As a child, I spent almost every 4th of July on the east coast with my grandparents. My grandfather was the star of the day. He was a master story teller and would share amazing ones about the fireworks and wild homemade (explosive) recipes from his youth. We'd always make some paper poppers, as I plan to do today with my own kids... who doesn't love a little noise and some simple paper folding magic! Then he'd go off to gather a small handful of firecrackers and two cherry bombs to set off with me in the driveway. I remember the feeling of the tiny stones under my bare feet as I'd dash away for safety, holding my hands over my ears and laughing the whole way. There were always sparklers for me at the very end, and then my grandmother would call us in for dinner, which inevitably was filled with fresh vegetables straight from the garden my grandfather so lovingly tended all summer long.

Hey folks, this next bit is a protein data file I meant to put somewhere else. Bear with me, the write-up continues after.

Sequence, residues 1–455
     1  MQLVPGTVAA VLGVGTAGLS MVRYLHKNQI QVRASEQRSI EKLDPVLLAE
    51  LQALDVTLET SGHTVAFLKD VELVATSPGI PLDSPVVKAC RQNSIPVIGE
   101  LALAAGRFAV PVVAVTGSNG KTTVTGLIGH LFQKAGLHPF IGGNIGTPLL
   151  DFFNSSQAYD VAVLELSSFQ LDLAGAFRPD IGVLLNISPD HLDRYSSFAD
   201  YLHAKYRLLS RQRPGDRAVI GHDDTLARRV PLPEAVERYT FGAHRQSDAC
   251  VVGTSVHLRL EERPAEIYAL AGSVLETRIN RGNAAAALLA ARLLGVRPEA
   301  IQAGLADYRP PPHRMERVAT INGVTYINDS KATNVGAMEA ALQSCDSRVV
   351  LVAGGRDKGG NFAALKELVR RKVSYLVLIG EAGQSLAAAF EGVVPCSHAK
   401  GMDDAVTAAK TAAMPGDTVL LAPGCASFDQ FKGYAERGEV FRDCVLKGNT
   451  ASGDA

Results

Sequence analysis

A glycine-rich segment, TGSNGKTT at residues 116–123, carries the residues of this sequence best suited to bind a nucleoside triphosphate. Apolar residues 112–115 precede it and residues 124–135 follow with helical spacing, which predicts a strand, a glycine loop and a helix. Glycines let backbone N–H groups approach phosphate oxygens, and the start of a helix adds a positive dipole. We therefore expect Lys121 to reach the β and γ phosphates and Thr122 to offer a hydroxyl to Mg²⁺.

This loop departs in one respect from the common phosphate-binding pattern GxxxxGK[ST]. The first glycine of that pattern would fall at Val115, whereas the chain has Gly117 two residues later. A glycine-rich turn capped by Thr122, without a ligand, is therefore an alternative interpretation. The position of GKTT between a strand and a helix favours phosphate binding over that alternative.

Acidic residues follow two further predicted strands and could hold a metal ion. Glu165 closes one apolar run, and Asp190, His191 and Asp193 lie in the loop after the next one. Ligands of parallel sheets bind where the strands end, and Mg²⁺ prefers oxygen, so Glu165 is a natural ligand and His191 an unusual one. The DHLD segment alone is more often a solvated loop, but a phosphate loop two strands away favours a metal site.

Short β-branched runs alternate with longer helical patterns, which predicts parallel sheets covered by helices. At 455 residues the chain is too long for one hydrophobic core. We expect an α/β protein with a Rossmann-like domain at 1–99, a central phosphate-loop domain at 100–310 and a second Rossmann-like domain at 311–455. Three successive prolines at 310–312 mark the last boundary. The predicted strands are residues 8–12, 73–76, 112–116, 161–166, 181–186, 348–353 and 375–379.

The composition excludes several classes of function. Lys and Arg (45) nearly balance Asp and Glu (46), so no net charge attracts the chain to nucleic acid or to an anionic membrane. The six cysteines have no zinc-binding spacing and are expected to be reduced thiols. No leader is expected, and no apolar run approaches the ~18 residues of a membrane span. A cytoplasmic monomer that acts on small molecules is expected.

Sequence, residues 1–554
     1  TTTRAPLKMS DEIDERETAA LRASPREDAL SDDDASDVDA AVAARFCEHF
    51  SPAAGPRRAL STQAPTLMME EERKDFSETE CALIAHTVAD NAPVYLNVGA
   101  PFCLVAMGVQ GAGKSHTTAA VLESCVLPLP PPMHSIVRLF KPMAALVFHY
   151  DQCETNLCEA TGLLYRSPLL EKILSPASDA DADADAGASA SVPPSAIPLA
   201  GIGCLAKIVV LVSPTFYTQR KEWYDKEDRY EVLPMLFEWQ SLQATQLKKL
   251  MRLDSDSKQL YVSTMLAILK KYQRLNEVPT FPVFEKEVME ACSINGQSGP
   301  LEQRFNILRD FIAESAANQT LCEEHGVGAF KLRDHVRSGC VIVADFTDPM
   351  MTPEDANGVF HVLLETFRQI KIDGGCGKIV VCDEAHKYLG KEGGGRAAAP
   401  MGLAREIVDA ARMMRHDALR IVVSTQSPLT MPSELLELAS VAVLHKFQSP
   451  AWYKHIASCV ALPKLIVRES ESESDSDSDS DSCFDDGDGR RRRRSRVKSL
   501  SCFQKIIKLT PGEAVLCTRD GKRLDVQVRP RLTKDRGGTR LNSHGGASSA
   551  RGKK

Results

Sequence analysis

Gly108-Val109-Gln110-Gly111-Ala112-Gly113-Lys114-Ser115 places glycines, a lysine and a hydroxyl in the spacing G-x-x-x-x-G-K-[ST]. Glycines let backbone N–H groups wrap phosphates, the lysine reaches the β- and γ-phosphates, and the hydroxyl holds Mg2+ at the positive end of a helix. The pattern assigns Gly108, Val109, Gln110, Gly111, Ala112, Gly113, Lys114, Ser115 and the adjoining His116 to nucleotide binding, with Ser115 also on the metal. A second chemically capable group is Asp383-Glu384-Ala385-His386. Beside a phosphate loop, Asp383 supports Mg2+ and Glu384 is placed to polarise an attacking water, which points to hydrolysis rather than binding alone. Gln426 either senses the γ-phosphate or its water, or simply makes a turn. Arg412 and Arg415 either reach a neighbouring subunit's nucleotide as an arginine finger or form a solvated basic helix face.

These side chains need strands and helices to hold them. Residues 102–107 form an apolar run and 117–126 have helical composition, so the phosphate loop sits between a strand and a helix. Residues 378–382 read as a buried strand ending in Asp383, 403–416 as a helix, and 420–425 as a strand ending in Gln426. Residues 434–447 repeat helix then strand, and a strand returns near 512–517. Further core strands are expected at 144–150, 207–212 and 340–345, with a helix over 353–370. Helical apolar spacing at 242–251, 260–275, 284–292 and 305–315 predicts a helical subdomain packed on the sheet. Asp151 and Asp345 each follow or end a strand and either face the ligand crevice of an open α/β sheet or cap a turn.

My Papadaddy in his garden circa early 80's
It was with this flood of memories that filled my heart as I worked in my own garden yesterday while he recovered from surgery. Two days ago my grandfather fell and broke his hip. At 94 years old, in the late stages of Alzheimer's, this was devastating for my whole family. I'm so grateful that so far he's doing well, and I will continue to honor him and be close to him by doing the work he taught me. Planting my second rotation of green beans was done with my grandfather at my side, and later today we'll harvest our first zucchini of the season for dinner. I have the sparklers ready, bought at an old fashioned toy store in Vermont on my way home from Squam. When the sun has completely set, jars are waiting for the the true fireworks of July... the temporary capture of tiny lightning bugs. Sweet memories being reinvented with my own children, because if there's one thing both my grandparents taught me about happiness: